This is disturbingly similar to the charter/voucher "advantage" in the United States: teachers earning less while forced into marketing roles for their employers, all while being touted as superior in some unspecified way to teachers who bargain collectively for better wages within public district schools.

Gary Rubinstein, a Teach For America alumnus, has often described TFA's construction of the myth of the "miracle" teacher: that some select schools (and, by extensions, their leaders) have figured out the "combination to the lock" and that we should just all go along with their methods, never stopping to question what exactly is going on, or...

What, exactly, is the financial cost of "success" in "choice" systems of schooling? Again, I give Craig Melvin credit for pointing out that the "miracles" of schools like Boys Latin in Philadelphia are not available to all. What he failed to uncover, however, is that schools like Boys Latin almost always have resource advantages over their public school counterparts.

Remember that Philadelphia's public schools have been under state control for years, and are chronically underfunded compared to suburban schools a few miles away. Boys Latin, however, has found a way to make up the difference:
PHILADELPHIA >> Boys’ Latin of Philadelphia hosted its newest event, “Magnum Opus,” April 27 at the Please Touch Museum in Fairmount Park, Philadelphia. The benefit raised vital funds for the school so it can continue to offer world-class educational experience and pays tribute to the great work of David Hardy and Dick Williams. The achievements of the school would not have been possible without the leadership of these two men, both of whom are in their final year of service at Boys’ Latin. 
[...] 
“Magnum Opus” welcomed comedian Jay Pharoah, Saturday Night Live alumnus, as entertainment for the evening’s festivities. The fundraiser has already raised over $500,000 in sponsorships and ticket sales. The school relies on these funds to support areas of college counseling, enrichment programs in engineering and the arts, technology programming, academic interventions and athletics. [emphasis mine]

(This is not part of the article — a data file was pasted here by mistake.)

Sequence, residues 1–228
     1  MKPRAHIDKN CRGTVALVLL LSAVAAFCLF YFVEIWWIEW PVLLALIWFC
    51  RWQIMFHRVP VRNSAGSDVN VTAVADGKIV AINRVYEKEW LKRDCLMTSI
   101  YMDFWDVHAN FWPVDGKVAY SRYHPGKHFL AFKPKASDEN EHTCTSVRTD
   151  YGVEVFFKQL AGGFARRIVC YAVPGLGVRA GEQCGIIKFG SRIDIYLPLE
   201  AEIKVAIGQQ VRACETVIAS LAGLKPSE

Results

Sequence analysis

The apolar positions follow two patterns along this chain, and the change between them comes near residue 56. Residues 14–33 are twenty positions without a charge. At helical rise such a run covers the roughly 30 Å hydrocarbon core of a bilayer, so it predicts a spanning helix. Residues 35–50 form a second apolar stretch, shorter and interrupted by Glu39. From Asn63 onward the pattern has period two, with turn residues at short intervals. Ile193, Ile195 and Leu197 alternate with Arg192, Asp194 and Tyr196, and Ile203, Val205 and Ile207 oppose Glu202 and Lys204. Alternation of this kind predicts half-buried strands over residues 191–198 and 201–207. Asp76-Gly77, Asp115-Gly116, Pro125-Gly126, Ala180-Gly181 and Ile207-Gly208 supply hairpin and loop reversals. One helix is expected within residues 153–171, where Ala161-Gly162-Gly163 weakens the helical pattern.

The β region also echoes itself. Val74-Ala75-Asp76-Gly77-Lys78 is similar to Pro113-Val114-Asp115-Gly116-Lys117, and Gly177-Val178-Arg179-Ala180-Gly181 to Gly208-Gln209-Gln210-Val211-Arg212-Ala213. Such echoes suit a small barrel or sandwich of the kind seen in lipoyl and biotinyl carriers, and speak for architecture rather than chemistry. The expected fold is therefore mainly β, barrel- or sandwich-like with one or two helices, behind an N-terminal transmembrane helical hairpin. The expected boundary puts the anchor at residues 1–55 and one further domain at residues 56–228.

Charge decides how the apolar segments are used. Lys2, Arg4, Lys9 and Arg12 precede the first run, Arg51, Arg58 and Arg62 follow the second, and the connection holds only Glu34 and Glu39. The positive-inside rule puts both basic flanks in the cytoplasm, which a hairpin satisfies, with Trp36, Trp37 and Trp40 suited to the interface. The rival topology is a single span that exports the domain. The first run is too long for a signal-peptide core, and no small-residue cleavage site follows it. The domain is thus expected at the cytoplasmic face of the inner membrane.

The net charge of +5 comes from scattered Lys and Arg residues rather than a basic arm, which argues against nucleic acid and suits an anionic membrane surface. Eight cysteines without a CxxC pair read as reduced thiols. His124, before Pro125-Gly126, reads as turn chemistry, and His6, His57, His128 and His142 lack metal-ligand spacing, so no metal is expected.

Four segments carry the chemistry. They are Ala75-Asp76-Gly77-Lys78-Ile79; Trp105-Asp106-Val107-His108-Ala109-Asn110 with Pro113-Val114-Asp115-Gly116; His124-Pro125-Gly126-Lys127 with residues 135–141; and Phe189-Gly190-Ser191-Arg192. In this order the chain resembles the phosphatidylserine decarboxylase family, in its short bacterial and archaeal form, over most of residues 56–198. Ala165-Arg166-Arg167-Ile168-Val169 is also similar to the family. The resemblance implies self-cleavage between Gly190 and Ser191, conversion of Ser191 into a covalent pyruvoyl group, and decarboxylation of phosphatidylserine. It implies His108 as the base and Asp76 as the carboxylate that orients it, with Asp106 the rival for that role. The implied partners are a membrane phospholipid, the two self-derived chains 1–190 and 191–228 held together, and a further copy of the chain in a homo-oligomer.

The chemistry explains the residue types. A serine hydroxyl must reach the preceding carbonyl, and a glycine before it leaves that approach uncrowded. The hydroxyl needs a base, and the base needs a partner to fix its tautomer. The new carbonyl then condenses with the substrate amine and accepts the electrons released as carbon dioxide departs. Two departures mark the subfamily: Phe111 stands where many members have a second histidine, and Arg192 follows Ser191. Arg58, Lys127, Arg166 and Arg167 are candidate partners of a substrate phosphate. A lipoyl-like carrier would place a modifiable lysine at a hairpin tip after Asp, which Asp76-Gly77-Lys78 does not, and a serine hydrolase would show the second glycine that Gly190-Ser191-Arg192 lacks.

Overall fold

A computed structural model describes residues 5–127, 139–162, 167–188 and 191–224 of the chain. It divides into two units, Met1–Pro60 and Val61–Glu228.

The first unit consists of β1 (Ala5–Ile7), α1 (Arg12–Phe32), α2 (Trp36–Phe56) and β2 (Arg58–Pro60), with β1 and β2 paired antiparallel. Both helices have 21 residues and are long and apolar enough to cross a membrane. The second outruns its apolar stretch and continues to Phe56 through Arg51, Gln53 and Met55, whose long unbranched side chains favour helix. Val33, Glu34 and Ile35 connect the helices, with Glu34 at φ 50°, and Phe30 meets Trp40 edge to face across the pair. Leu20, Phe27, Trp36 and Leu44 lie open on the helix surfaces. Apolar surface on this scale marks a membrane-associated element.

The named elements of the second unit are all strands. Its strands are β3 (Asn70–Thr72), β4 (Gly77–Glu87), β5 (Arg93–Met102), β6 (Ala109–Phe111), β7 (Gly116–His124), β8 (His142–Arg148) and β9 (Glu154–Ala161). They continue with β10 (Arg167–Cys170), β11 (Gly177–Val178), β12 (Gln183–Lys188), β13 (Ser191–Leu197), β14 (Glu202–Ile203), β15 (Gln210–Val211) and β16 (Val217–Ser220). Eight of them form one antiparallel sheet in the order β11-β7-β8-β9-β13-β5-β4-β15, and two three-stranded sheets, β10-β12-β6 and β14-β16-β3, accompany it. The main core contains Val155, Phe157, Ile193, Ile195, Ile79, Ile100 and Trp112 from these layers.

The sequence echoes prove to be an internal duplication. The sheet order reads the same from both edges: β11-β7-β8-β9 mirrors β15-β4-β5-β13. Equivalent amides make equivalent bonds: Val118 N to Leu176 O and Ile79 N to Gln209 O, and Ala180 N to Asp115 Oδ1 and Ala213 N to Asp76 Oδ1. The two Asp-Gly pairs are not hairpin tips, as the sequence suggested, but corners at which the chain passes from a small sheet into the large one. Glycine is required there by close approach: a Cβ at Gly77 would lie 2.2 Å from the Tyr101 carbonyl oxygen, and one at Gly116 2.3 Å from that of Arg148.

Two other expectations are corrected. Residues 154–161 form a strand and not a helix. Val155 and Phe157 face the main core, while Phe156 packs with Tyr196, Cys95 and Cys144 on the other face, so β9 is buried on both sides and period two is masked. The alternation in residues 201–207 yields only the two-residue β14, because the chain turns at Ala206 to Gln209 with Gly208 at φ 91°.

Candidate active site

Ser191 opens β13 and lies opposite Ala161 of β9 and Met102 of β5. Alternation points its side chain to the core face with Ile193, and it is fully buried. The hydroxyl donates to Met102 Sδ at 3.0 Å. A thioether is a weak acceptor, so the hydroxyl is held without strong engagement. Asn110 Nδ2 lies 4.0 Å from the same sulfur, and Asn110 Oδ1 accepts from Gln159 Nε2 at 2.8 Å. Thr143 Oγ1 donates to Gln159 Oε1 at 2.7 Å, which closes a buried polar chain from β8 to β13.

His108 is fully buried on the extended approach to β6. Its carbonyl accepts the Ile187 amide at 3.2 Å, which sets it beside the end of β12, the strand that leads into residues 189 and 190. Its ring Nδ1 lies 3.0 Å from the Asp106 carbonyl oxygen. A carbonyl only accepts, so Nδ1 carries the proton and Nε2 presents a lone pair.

According to its 2015 tax forms (available at Guidestar), Boys Latin pulled in $1.1 million in government grants and $1.7 million in charitable giving in a single year.* That's in addition to the revenue they get from the Philadelphia school district. In 2014-15, Boys Latin enrolled 747 students; that's an extra $1,464 in government grants and $2,228 in philanthropy per pupil.

And again: extra funding is only one way to gain a resource advantage if you're a "choice" school. If you don't enroll many Limited English Proficient students, your costs stay lower. If the few special needs students you do enroll have less-costly learning disabilities, your costs stay lower. If you employ a less-experienced, less-credentialed staff, your costs stay lower. If you only enroll students who choose to attend, your costs probably stay lower.

Money matters, and in education it matters a lot. I can certainly sympathize with the parent Melvin interviewed who declared that she was willing to do whatever it took to get her child a good education. But let's be clear that part of what makes an education "good" is having adequate resources. 

Even Kristof acknowledges this: "It would be odd if schools with teachers and books didn’t outperform schools without them." OK, great... Are you saying that the only way to get teachers and books into African schools is to turn them over to for-profit companies that can't turn a profit?

That brings us to the last question:

What, exactly, must students, teachers, families, and citizens give up under a "choice" system to get more resources into their schools?

As a long-time observer of all things reformy, this is the one argument from school privatizers that frustrates me the most: that extra resources can only come if schools slip away from governmental control. That the hope for competent, corruption-free governance is so far-fetched -- be it in Nairobi or Philadelphia -- that the only chance schools have is to move away from democracy and towards market models dominated by providers with ties to Wall Street or Silicon Valley.

In fact, this is exactly the case reformy CEOs like Reed Hastings of Netflix make: school boards, which allow citizens a direct say in how our society's children are educated, are actually an impediment to educational improvement. In other words: we have no "choice" but to move school governance away from governmental structures and put it in the hands of the not-really-all-that-free market.

So how's that working? It hasn't helped Detroit, or the students of cyber charters of Pennsylvania, or the taxpayers who subsidize the charter school land grabbers in Miami. It hasn't helped the citizens looking for transparency from Gulen-linked charters, or the taxpayers of Ohio. It hasn't helped students and families who lose due-process rights when enrolling in charters. It hasn't helped those who care about good government in North Carolina, or those who want to control school administration costs in New Jersey, or students left in the lurch in Michigan, or all those affected by numerous examples of waste, fraud, and abuse throughout the nation's charter school sector.